The Conservative Party of New York State has gained national attention for its surging campaign to elect Doug Hoffman to represent the 23rd District in Congress over a Republican candidate as well as a Democratic nominee. A victory by Hoffman might establish the Conservatives as a viable alternative to the Republican Party for Empire State conservatives, or it may prove a tactical maneuver, whether Hoffman wins or loses, in a long-term strategy for movement conservatives to take over the state GOP and its fundraising apparatus.
Is the Conservative Party in a position to exploit a Hoffman upset? It's hard to say. Hoffman may be the face the party chooses to showcase in the 23rd District, but it shows different faces depending on where you are in New York. Like all smaller parties here, the Conservatives play the cross-endorsement game to get better ballot position, and Conservatives in each county make their own tactical decisions with little apparent regard for ideological consistency statewide.
Consider Albany, where I live. In the state capital city the Conservative Party has endorsed Jerry Jennings for mayor. Jennings is the Democratic incumbent and heir to one of the most enduring political machines of modern times. He is opposed by a Republican, Nathan Lebron, and a Working Families candidate, Corey Ellis, who lost to Jennings in the Democratic primary. The Hoffman candidacy has shown that Conservatives don't consider themselves obliged to endorse Republicans, but to prefer an archetypal machine Democrat to a GOP candidate is strange. Stranger still, some of Jennings's cronies were defeated by insurgents in the Democratic primaries, but remain on the final ballot on the Conservative line.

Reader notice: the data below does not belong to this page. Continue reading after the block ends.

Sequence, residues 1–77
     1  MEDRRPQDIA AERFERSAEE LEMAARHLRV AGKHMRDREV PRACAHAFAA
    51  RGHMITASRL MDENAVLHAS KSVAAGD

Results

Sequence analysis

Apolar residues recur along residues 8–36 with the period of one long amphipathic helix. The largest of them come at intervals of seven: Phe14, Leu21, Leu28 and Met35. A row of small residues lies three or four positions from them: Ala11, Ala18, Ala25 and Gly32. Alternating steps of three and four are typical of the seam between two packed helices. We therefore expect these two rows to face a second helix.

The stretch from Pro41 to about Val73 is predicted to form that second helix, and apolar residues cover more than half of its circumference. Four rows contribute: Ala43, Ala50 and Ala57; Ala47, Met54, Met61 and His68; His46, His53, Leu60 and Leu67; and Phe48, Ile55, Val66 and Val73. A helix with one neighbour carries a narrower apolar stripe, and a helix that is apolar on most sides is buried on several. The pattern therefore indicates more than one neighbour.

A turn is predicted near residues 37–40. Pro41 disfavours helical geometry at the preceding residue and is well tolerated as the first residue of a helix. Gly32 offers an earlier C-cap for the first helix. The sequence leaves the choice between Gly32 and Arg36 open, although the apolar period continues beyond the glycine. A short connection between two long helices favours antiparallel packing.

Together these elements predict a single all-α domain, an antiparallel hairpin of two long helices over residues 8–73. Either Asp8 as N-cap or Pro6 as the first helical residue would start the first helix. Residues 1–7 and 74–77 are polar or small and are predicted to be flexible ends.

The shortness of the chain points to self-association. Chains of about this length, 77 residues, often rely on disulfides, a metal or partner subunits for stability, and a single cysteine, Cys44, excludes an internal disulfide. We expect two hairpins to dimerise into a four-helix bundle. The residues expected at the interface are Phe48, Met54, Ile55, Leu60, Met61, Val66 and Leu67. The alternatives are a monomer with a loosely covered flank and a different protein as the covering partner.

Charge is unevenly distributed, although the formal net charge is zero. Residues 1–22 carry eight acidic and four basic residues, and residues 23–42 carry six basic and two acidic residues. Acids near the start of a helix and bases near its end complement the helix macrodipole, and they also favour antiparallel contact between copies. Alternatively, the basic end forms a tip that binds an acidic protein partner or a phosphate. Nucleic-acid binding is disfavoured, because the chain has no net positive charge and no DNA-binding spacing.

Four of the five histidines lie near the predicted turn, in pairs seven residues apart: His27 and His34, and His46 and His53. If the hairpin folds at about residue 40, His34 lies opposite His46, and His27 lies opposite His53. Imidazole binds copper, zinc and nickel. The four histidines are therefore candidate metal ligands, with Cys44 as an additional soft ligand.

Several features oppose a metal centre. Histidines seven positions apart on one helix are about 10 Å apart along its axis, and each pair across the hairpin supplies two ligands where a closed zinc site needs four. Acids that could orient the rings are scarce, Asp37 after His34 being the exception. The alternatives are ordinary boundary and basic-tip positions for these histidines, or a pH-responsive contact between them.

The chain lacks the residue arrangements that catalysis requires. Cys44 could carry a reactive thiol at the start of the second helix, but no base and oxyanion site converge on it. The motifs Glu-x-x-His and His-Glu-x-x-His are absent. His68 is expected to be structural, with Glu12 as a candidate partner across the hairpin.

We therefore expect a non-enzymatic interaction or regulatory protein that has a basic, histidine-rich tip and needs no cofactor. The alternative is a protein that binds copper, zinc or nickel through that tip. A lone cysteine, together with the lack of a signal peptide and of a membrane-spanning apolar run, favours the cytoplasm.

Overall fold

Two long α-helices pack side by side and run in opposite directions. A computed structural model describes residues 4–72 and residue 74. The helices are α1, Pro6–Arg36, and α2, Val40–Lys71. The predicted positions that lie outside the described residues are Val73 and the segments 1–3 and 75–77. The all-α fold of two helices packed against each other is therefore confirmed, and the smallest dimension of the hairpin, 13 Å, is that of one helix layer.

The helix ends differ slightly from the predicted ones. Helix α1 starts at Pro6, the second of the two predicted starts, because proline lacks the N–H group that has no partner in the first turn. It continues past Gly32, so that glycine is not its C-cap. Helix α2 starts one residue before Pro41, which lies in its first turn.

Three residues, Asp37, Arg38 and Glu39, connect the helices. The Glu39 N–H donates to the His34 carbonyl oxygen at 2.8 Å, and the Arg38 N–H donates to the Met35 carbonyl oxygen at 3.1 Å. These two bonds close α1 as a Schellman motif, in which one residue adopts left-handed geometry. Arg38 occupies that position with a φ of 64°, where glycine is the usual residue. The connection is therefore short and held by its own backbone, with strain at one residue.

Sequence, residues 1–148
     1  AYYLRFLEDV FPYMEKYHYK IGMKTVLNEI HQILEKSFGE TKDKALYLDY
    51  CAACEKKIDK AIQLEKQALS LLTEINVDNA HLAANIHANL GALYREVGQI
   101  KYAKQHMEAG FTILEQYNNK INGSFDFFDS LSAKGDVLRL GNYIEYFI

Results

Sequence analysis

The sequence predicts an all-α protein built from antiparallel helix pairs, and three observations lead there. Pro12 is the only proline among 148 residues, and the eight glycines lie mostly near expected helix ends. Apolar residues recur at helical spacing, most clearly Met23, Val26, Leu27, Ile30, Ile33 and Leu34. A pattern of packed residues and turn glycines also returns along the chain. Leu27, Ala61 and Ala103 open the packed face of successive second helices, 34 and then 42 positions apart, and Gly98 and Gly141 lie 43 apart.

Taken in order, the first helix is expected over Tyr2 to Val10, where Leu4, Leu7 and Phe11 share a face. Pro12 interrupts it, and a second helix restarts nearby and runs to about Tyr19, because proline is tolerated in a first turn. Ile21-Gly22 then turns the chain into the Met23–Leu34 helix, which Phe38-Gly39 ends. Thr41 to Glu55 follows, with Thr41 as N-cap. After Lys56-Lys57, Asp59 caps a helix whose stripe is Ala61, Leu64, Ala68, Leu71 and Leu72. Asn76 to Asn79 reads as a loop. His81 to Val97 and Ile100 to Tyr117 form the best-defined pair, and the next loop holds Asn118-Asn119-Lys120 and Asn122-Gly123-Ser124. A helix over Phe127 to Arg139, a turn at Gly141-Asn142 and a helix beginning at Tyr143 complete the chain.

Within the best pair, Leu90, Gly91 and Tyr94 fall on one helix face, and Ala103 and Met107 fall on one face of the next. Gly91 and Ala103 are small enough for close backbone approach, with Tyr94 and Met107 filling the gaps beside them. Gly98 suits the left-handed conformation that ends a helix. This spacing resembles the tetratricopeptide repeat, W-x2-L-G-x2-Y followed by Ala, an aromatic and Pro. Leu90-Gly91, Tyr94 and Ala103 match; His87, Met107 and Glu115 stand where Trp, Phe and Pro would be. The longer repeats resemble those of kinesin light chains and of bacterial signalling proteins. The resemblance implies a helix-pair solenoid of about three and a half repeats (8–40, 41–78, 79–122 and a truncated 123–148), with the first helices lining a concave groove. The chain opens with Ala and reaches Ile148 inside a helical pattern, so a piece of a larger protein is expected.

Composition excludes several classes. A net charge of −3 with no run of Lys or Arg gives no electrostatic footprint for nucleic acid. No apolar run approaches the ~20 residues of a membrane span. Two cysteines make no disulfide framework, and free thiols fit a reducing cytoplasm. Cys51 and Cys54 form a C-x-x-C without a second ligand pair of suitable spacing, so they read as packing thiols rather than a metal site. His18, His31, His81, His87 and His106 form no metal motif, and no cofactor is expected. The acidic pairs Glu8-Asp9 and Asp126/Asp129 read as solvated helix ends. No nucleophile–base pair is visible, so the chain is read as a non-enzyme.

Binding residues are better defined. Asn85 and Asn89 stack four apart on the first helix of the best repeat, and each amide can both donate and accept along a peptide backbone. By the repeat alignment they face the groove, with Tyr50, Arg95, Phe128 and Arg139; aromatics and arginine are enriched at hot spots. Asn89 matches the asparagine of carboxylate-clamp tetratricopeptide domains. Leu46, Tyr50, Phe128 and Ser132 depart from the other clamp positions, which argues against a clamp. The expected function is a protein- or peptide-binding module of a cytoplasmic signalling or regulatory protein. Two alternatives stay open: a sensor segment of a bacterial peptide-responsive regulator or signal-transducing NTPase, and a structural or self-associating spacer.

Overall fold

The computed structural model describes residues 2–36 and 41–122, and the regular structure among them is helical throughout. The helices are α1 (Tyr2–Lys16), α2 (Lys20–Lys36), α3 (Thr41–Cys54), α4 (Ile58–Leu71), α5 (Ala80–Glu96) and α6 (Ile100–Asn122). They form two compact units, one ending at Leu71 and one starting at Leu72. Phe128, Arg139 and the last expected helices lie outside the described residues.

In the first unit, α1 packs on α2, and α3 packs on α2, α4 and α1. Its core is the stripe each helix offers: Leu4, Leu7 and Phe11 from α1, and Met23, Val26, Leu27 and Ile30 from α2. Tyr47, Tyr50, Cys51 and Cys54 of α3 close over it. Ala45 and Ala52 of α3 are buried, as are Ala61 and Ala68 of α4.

Perhaps the Albany party practices literal conservatism. Is it not the conservative thing, leaving ideology out of it, to stick with the machine that has ruled Albany from time immemorial? It should be obvious, anyway, that the conservatism practiced in Albany is something quite different from what the nation sees in the 23rd District. Would the Albany Conservatives ever support someone like Hoffman to represent themselves in Congress, or in City Hall? A more important question is whether the statewide Conservatives need to enforce some sort of ideological consistency throughout New York in order to take the maximum advantage of whatever success Hoffman has next month. That is, will conservatives need to infiltrate Conservative county organizations in order to make themselves a viable statewide party? Or should New York conservatives worry less about ideological correctness and more about allowing local parties to represent constituencies in ways that Republicans or Democrats don't? This is going to be a tough question for them, because another way of saying, as I suggest in my title, that all conservatism is local is that all conservatism is relative. For ideological conservatives that may be unacceptable, but local or literal conservatives may prove more pragmatic.